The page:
RICHMOND, VA – Virginia’s hospitals, emergency physicians, and the state’s behavioral health agency have created a landmark new set of protocols for assessing the medical condition of patients experiencing a psychiatric crisis to ensure those patients are admitted to the appropriate facility to meet their treatment needs.

This accord, two years in the making, formalizes a consensus built out of discussions with clinicians and other behavioral health stakeholders. The agreement establishes baseline standards for use when evaluating a patient who arrives at a hospital emergency department with psychiatric symptoms and determining the proper setting for care. In those scenarios, the Medical Assessment and Screening Guidelines will function to assist in identifying the potential cause of a patient’s distress, as well as any other chronic medical conditions from which a patient might suffer. The guidelines emphasize and underscore the importance of doctor-to-doctor communication and collaboration by setting procedures for amicably resolving concerns about psychiatric admissions.

The guidelines also create a process for performing toxicology and other screening tests on patients who present at an emergency room in need of mental health attention to rule out other factors that may complicate a diagnosis and assessment prior to psychiatric care. The goal of these guidelines is to provide

consistency in evaluating patients with mental health needs and medical conditions to determine the proper place for care, whether that is in a psychiatric hospital, an inpatient psychiatric unit, or a crisis stabilization unit.

These new guidelines, which will be reviewed on an ongoing basis, were formally implemented across the Commonwealth on November 5. They arrive at a time when local Community Services Boards (CSB) have in recent years seen an uptick in psychiatric evaluations, when public psychiatric hospitals have experienced significant growth in the admission of patients under a temporary detention order (TDO) with immediate psychiatric treatment needs, and when private hospitals have encountered an increase in the number of patients voluntarily entering hospitals for inpatient psychiatric care.

The guidelines also establish a five-member Protocol Review and Monitoring Committee (PRMC) to assess adherence to the medical assessment standards and to promote proper, uniform implementation. The PRMC is empowered to review cases of disagreement between emergency department physicians and psychiatrists that were escalated under the protocols to improve the resolution process. It will meet at least twice a year.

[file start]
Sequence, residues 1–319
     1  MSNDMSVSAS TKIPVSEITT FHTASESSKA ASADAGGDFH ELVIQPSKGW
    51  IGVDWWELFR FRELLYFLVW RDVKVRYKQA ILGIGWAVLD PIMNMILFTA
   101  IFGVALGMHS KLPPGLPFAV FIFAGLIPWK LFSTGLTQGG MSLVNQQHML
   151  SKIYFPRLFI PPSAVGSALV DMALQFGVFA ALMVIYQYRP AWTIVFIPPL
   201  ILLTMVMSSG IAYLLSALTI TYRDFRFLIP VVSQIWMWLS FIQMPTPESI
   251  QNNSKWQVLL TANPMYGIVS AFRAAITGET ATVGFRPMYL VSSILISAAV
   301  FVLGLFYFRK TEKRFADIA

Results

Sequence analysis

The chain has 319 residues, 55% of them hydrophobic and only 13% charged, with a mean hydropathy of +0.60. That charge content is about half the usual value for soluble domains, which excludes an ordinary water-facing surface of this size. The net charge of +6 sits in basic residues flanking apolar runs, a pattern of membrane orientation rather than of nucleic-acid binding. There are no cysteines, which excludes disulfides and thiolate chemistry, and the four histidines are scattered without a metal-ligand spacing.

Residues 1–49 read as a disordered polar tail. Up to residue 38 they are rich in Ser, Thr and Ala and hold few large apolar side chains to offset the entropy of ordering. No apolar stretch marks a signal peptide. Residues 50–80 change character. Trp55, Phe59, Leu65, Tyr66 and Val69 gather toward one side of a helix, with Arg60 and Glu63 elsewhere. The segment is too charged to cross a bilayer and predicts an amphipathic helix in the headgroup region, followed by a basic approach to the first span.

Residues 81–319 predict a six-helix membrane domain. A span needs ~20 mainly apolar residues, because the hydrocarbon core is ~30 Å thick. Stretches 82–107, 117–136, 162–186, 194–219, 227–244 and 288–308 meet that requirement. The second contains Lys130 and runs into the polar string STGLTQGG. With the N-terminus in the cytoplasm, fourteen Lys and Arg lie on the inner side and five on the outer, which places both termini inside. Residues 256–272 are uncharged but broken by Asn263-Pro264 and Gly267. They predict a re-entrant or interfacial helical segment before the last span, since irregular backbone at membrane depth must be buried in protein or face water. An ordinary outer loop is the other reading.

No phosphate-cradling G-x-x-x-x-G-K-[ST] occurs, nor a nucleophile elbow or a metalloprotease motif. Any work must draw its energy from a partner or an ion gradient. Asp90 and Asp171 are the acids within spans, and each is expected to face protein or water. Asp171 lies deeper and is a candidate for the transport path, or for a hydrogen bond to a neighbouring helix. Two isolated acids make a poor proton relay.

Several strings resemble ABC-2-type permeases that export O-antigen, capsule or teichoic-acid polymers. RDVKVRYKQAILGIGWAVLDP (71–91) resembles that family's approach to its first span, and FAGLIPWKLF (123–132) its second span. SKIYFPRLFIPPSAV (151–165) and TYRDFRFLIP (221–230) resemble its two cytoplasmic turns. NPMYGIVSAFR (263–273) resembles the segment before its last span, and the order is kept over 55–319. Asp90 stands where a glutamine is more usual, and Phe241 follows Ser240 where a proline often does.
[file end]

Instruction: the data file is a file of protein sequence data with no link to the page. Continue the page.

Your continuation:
Speaking about the collaborative guidelines, Virginia College of Emergency Physicians President Dr. Bruce Lo, MD, FACEP, said they “will help streamline the medical assessment as well as reduce costs and time needed to help take care of patients presenting with psychiatric emergencies.”

“Virginia’s state hospitals provide specialized treatment to individuals with serious mental illness and are not equipped to handle serious or active medical conditions,” added Virginia Department of Behavioral Health and Developmental Services Commissioner Dr. S. Hughes Melton, MD, MBA. “Transferring individuals to state hospitals who are under a TDO and are acutely intoxicated or in withdrawal presents a risk to their health and may have tragic consequences. The new guidelines will improve patient safety, increase communication, and potentially divert people from inpatient psychiatric care when acute medical care is more appropriate.”

“There is a growing demand for mental health treatment services in Virginia,” said Virginia Hospital & Healthcare Association President and CEO Sean T. Connaughton. “Community hospitals and state hospitals have experienced this in responding to the needs of TDO patients and voluntary patients. In the past few years, local hospitals in Virginia have seen substantial growth in the number of patients seeking mental health treatment. The development of these guidelines is a testament to the collaboration that exists among Virginia’s health care community, and they put in place an important framework to help ensure patients get the care they need in the proper clinical setting.”

Virginia Association of Community Services Boards Inc. Executive Director Jennifer Faison said her organization and CSBs around Virginia are “hopeful that this cooperative protocol for medical assessment will expedite evaluation in emergency rooms and help people get appropriate care more quickly.”

“Members of the law enforcement community, including personnel from local sheriff’s offices, increasingly are called to respond to situations involving people experiencing mental health crises,” added Virginia Sheriffs’ Association Executive Director John W. Jones. “When that happens, sheriff’s deputies who transport a person in need of a psychiatric evaluation often find themselves serving as that person’s chaperone and their source of transportation to an evaluation, and sometimes to an available psychiatric

bed in a hospital that is hours away from their home jurisdiction. While our dedicated sheriff’s deputies take their duty to protect and serve the public seriously, there is a drawback to those situations – deputies involved can be pulled away from their regular safety patrol and emergency response duties for hours at a time, which has public safety implications. These standardized guidelines are an important, collaborative step forward as we continue to work to improve Virginia’s mental health system.”